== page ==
Rahul Vishnoi reviews Ashoka: Prince of Mauryas by Ashok Banker (Published by Speaking Tiger, 2023)
Before writing anything about Ashoka: Prince of the Mauryas, it is inevitable to write about its eponymous author. On his Wikipedia page, Ashok Banker is credited as the mind behind India’s first indigenous English series A Mouthful of Sky. He is also the one who developed Malaysia’s first English series. With dozens of Hindu mythology titles under his belt, he is India’s original mytho-fic writer, if you ignore the current mainstream crop.
It is no less a task to fictionalize the life of the emperor Ashoka whom every Indian knows and revers. His aversion after the bloody battle of Kalinga and subsequent embracing and popularising the teachings of Buddhism are read by the kids in textbook.
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Having not studied his actual life in detail, I can’t vouch for the veracity of the events that occur in Ashoka, I, however, can safely say that these events pack an entertaining punch. Ashoka, after all, is a historical fiction with emphasis on the latter.
Ashok Banker – Writings & Research
Ashok Banker begins right at the beginning, when Ashok—second in line to the Mauryan throne upon which his father Bindusara sits—is a ‘young stripling boy’ who when enters a battle arena, unbeknownst to the uproarious crowd, is laughed off and invited by strangers to ‘sit upon their laps’.
From here, it’s a whirlwind. Ashoka’s character is established in the same vein as a fighter and an athlete bestowed with a clever mind which, though, is at peace with the world and doesn’t want to have anything to do with the royal throne.
But a conspiracy is afoot and Ashok must crack it to thwart the attempt on his father’s life. The confederacy of Lichchavi, it seems, is hell-bent on breaking its wartime agreement with Pataliputra. The root of this mayhem must be discovered and dowsed with acid pour. But Kautilya, the mastermind who could help Ashoka, is living in forest, banished because of a mysterious conspiracy.
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Ashoka is written as we know him now: brave and a man of principles. But in royals, principles were considered weakness. In the words of a character, he’s described as:
‘You are a great lover and an extraordinary fighter. But you’re a naïve, idealistic, people-loving, animal-loving fool when it comes to politics and ambition. You don’t have the iron in you to take hard steps, to kill when killing’s needed, even if it’s a friend or family member…or mother.’
To this, Ashoka replies, ‘A day when I’m willing to kill my own mother to further myself politically is a day that will never dawn for me.’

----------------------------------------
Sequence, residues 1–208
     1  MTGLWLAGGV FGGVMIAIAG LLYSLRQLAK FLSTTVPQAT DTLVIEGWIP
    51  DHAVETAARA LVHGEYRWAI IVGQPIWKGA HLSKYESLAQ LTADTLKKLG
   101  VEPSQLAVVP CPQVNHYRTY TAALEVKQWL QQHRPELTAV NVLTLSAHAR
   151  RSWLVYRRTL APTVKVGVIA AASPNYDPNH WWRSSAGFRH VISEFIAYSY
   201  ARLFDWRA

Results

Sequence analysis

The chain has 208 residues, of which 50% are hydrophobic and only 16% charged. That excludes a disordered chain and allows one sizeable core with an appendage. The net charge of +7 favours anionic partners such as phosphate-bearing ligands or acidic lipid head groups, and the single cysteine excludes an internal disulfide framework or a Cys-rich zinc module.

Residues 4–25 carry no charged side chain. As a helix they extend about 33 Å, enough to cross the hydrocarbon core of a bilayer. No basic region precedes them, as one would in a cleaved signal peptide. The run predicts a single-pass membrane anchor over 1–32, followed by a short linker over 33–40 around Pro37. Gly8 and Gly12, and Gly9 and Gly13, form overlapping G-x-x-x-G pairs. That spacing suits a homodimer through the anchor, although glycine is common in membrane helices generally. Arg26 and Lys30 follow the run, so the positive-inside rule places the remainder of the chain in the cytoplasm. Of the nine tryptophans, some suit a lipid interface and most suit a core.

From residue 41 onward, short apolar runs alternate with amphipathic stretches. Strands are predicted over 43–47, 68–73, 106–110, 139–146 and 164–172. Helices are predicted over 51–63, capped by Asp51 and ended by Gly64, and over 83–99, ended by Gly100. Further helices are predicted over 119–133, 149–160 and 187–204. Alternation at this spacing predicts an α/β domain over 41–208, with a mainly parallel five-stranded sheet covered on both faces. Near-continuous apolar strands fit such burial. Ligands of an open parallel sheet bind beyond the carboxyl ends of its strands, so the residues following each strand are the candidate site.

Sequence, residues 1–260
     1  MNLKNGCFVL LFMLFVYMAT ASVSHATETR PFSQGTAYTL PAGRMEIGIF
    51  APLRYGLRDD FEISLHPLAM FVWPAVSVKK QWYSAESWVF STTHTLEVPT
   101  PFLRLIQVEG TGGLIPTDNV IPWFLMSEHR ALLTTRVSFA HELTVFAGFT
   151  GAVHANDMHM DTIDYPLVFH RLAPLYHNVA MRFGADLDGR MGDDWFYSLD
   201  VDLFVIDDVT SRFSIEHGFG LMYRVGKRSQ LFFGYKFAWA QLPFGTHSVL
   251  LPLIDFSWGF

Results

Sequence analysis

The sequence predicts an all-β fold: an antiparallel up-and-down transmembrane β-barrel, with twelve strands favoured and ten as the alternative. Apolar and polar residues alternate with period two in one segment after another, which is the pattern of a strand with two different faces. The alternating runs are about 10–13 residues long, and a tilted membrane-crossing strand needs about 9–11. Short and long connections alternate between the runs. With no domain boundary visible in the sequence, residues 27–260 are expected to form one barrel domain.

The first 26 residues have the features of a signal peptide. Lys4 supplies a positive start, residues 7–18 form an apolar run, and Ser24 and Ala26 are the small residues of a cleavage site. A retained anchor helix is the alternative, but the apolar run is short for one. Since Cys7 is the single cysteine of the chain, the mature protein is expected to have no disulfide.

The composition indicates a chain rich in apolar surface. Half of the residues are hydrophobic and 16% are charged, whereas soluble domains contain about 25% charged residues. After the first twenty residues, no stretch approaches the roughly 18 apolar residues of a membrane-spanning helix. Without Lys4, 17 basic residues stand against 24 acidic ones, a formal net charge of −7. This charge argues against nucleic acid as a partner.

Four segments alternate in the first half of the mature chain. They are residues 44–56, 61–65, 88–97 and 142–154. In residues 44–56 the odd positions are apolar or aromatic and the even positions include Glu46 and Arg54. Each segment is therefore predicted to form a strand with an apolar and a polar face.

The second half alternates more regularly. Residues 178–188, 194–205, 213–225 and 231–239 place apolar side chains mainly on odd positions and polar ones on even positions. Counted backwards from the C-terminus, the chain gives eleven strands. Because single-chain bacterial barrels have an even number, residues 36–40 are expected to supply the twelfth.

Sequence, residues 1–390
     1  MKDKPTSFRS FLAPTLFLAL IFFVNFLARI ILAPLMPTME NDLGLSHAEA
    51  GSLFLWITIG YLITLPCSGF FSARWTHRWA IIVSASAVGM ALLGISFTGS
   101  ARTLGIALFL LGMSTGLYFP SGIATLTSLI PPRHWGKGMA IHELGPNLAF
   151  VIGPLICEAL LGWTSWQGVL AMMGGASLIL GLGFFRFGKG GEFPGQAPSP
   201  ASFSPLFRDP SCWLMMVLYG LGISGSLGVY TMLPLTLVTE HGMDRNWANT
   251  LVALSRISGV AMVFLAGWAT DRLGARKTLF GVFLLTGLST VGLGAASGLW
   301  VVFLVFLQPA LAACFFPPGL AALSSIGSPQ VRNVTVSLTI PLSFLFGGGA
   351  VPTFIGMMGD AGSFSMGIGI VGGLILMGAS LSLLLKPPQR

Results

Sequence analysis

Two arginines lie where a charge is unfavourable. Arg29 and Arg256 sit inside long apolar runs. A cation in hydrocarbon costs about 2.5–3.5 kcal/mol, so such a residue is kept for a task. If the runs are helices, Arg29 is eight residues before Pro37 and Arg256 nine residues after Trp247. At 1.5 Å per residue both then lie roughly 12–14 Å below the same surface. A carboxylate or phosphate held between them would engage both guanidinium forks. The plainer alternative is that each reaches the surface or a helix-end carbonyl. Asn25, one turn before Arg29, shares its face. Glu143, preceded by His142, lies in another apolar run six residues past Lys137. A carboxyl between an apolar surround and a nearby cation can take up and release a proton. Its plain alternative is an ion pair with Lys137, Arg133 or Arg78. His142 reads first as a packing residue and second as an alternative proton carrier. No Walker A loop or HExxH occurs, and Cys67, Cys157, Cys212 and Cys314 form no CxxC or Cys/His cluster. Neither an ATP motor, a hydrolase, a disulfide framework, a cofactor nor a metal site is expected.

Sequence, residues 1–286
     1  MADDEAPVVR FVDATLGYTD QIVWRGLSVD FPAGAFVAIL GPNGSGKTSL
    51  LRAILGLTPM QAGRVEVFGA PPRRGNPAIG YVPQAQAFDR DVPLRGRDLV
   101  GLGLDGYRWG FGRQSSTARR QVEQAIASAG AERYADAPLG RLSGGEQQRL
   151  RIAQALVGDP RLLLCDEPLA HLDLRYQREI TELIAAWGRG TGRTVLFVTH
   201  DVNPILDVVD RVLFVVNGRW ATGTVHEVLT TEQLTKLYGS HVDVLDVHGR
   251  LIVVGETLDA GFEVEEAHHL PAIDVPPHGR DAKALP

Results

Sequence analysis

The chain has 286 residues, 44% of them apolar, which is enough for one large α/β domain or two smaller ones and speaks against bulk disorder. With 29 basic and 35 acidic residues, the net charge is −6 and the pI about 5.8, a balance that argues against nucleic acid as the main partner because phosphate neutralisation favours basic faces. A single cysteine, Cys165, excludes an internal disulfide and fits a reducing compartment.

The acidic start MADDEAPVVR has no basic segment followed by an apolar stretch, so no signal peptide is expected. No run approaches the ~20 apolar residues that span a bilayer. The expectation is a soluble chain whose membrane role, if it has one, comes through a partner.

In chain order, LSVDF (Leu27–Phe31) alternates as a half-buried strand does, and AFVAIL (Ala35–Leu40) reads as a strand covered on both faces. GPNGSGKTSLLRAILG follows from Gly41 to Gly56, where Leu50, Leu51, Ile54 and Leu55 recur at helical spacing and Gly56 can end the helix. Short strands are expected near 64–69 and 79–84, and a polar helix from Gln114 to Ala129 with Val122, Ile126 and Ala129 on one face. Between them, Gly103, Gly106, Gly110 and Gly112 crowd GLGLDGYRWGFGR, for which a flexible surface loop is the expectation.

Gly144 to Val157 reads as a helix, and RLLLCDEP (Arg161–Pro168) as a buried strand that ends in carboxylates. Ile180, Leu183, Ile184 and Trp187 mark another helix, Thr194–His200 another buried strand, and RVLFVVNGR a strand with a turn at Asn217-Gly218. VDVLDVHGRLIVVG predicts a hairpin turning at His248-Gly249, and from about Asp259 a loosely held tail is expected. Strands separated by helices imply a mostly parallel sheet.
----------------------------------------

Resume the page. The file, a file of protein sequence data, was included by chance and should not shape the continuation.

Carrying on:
Ashok Banker’s writing shines when he writes about the time his book is set in. The expansive city of Patliputra, which ‘is not a city but a Metropolitan’. He relishes in explaining the impressive architecture (again, no claims for its originality) of the fort, the hard-like-iron wooden walls that surround it. Use of Sanskrit words in the text was surprisingly interesting.
Lion is Vyag, Crane (Saras) is Krauncha and so on. It’s always interesting when the book you’re reading challenges you to pick up your phone but for altogether different reason.
But while dealing with the story, Banker often times sacrifices the characters at the altar of pace. Some plot-points are written effectively, bringing a twist when none was expected, especially Ashoka’s meeting with his ladylove. Others, particularly fight scenes, read like they’ve been inspired from the scenes we have already watched on the screen. Banker could have introduced a different way to pit them.
The villains are sex-crazed debauched people and it seems author is servicing a stereotype. Banker should be lauded to introduce an all-female force ‘Chandikas’ that guard the fort, but he brings sensuality to this too, suggesting the female force took pleasure and lovers amongst themselves. And it is not to be frowned upon, but this piece of information should have been embedded into the story and instead of coming just as an exposition. This writing, impressive yet sometimes hollywoodising the characters feels unsatisfactory at times. Like being served daal-chawal in a Michelin restaurant.
First published in 2015 and then 2017 as Ashoka: Lion of Maurya and Ashoka: Satrap of Taxila, Ashoka: Prince of Maurya is a trilogy that combines the first two and concludes the story. A thrilling and a befitting conclusion to the epic it began as. I wish more writers delve into the Mauryan period and write engaging contemporary fiction with historical background.